America after World War II was awash in subdivisions, new appliances, Cold War anxiety, and applied psychology. Conformity was everything, and psychology, more popular than at any time in its history, was there to guarantee it. At the same time, as suggested by David Riesman’s 1950 book The Lonely Crowd and by William Whyte’s 1956 bestseller The Organization Man, Americans felt alienated. In her clear and insightful book Encountering America: Humanistic Psychology, Sixties Culture & the Shaping of the Modern Self, American history and psychology professor Jessica Grogan examines in detail a revolutionary movement in psychology — championed by Abraham Maslow, Carl Rogers, Rollo May, Gordon Allport, and others — that developed in response to postwar culture. Along the way, she demonstrates how psychological principles influence culture as much as culture influences psychological belief. In explaining the roots of humanistic psychology, Grogan cites a ’50s-era Life magazine series, “The Age of Psychology in the U.S.,” subtitled “Less Than a Century Old, the Science of Human Behavior Permeates Our Whole Way of Life — At Work, in Love, in Sickness and in Health.” The article explained how psychology had affected advertising, industry, politics, warfare, education, and entertainment in a way that was “strictly American.” But where was the individual in all this? To be well adjusted at that time meant living as a functioning member of society. Any deviation from cultural norms was considered unhealthy and was treated with a return to normalcy in mind. The pressure to conform was also a central reason for a plague of American anxiety. Beginning in the 1950s, Maslow, Rogers, May, and others observed that psychology, rather than concentrating on an individual’s strengths and potential, focused on illness and adjustment. This negative focus, they believed, completely overlooked the positive view of humans as motivated by a desire for wholeness or “self-actualization.” As Grogan states, the idea was simple, but its implications were not. While most psychologists in the movement agreed with Freud’s concept of the id, they refused to limit it to dark or evil desires. Instead, they expanded the notion to include characteristics that Rousseau had cited years earlier: inspiration, creative impulses, humor, and love. May’s belief slightly differed. He agreed with the idea of positive human motivation but attributed it to more philosophical, even spiritual desires. What developed from this positive view of human motivation altered the course of psychology for a generation. The humanistic psychology movement and all its surrounding therapies, effective and not, placed individuals above cultural norms. So wide and varied were the principles of the movement that divisions soon appeared within its ranks. Rogers’ emphasis on therapy and how the individual operates inside his or her environment put off neo-Freudians, who saw a lack of science in his approach. The humanists were also at odds with the behaviorists, whose goal to understand and change behavioral response appealed to rationalists as well as social scientists. The schism between behaviorism and humanism was highlighted at a 1962 debate, entitled “Education and the Control of Human Behavior,” between the best known of the behaviorists, B.F. Skinner, and Rogers, who saw behaviorism as a challenge to individual freedoms. The counterculture that sprang up in the ’60s embraced humanistic psychology, including encounter groups, sensitivity training, and self-actualization. Humanism’s emphasis on individual choice and experience in pursuit of actualization was popularized in the counterculture cliché “Do your own thing.” Most humanists, at least early on, saw value in drug-induced psychedelic experiences. Some, such as Maslow, took utopian social visions to extremes. He envisioned an island paradise called Eupsychia, inhabited by a thousand families organized around a kind of loving anarchism. But it wasn’t all good. Constructive therapy, with techniques that included sensitivity training, became a way to humiliate and destroy defenses. In chapters that examine countercultural excesses and the corruption of the movement’s methods (one is titled “The Sledgehammer Approach to Human Growth”), Grogan demonstrates how even the best intentions can be undermined. Grogan’s well-written and well-researched book is as much a cultural study as it is a psychological one. While mapping the movement’s rise and decline, she makes a case for its legacy. Common wisdom holds that the humanistic psychology movement disappeared in the ’70s. But who today hasn’t heard of encounter groups or self-actualization? What remains of humanistic psychology, namely individual counseling, social-work interventions, and the “person-centered” approach to therapy, are almost all applied products of Carl Rogers’ theories. Formed at the height of the humanistic movement, they are now, Grogan claims, seamlessly integrated into American psychological practice. Writing late last year in Psychology Today, Grogan made the case that today’s psychologists, with their over- reliance on pharmacology, suffer from the same sort of narrow cultural focus they did in the 1950s. At the same time, Americans suffer anxiety — 21st-century style — at astounding rates. Maybe it’s time for another reconsideration of psychology’s role in contemporary culture.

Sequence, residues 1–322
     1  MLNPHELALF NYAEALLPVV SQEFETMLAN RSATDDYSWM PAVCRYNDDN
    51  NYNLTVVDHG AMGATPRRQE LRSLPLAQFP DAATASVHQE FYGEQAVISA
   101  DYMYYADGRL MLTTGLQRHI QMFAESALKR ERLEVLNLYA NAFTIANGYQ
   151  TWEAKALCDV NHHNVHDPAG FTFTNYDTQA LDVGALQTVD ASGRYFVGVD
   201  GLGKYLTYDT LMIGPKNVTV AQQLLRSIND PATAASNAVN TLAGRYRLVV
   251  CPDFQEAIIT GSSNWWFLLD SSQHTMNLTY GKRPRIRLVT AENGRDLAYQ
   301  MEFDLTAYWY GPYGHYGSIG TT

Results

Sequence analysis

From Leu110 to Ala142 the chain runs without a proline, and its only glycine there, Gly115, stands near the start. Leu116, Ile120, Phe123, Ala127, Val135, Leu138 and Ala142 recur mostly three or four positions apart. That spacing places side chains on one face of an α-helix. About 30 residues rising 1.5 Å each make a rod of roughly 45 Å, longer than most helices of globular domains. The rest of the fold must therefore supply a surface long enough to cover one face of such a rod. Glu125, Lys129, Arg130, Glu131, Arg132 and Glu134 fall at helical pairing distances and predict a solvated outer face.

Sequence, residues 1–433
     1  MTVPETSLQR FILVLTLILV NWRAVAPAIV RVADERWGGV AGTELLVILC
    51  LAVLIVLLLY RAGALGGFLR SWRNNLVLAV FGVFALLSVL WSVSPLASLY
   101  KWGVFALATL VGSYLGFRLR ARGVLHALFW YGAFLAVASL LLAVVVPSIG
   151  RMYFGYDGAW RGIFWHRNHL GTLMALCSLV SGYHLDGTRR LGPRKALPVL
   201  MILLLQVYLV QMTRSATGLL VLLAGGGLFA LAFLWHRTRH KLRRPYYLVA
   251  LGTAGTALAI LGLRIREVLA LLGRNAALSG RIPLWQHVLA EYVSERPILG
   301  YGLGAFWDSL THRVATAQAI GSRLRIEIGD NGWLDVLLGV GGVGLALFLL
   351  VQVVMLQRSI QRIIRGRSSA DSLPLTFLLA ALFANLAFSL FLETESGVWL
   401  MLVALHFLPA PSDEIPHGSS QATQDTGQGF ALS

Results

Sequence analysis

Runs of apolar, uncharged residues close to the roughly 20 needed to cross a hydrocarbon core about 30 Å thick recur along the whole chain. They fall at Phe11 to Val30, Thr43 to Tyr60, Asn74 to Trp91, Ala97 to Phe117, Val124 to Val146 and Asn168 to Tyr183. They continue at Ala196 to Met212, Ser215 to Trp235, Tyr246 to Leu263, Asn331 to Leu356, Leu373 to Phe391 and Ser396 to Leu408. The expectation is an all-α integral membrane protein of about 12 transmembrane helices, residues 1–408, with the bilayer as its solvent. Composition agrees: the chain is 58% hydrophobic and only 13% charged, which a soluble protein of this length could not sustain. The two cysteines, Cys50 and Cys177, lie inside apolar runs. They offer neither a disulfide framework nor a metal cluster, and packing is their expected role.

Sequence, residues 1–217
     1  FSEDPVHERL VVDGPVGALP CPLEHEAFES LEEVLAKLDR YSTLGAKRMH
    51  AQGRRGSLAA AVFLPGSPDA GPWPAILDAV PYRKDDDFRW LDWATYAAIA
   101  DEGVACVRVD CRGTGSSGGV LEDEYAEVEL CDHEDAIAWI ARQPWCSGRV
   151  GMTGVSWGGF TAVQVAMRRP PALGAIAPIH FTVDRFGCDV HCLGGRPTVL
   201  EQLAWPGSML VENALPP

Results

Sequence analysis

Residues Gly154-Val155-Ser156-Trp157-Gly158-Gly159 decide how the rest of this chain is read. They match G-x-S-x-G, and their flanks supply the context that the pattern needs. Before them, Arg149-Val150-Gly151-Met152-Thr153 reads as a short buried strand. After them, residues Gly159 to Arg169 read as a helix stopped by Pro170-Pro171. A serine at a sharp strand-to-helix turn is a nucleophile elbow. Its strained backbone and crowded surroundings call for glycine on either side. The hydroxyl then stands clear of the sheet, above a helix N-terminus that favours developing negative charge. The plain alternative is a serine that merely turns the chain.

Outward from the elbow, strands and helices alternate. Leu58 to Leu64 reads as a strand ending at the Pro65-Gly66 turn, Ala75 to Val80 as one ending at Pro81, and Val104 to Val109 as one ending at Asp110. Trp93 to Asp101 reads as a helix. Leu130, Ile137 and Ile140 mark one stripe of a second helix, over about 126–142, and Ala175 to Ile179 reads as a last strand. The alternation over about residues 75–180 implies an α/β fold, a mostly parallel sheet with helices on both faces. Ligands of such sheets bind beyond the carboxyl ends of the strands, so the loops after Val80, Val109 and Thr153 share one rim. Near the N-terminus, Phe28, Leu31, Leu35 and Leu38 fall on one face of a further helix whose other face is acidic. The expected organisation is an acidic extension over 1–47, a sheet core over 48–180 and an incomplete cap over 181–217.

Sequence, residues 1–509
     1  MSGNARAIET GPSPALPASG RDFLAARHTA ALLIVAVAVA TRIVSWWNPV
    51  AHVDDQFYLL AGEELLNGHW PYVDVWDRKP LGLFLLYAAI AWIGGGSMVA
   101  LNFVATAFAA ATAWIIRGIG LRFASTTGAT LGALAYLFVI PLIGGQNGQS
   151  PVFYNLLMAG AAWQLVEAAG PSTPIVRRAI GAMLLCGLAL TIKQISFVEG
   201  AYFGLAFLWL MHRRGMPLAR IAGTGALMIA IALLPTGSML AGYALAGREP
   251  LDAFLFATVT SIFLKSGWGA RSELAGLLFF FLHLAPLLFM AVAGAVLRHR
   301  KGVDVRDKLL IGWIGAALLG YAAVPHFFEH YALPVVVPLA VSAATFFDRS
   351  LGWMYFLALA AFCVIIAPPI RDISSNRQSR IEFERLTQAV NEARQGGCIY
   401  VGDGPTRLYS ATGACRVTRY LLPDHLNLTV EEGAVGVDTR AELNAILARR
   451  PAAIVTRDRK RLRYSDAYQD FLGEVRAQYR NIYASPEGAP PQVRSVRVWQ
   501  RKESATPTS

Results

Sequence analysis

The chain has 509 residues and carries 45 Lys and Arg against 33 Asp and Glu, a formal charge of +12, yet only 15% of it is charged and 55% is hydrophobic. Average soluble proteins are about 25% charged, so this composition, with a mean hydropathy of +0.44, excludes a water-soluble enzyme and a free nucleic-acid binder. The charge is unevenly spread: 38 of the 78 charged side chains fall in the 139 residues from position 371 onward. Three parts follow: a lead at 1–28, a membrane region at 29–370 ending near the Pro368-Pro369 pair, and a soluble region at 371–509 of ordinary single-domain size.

Cultural historian Jessica Grogan offers an intellectually stimulating examination of 1960s humanistic psychology in Encountering America…Grogan skillfully paints a picture of its founders… She also incisively examines how the streak of self-indulgence in the 1960s commandeered and corrupted humanistic psychology, which had bravely tackled the challenges of race and feminism, in the name of drugs and the guru model of leadership. Grogan’s portrait of Abraham Maslow, a charismatic charmer with a true revolutionary’s zeal for human and societal transformation, is worth the read alone…Encountering America weaves together a tapestry and history of a humane ideal for living that continues to define our societal world view. It is a work of deep cultural understanding that breaks down complex issues in a coherent manner, bursting with oversized personalities and thought-provoking ideas…Discover: An entertaining study of 1960s humanistic psychology and how its beliefs continue to inspire our world view.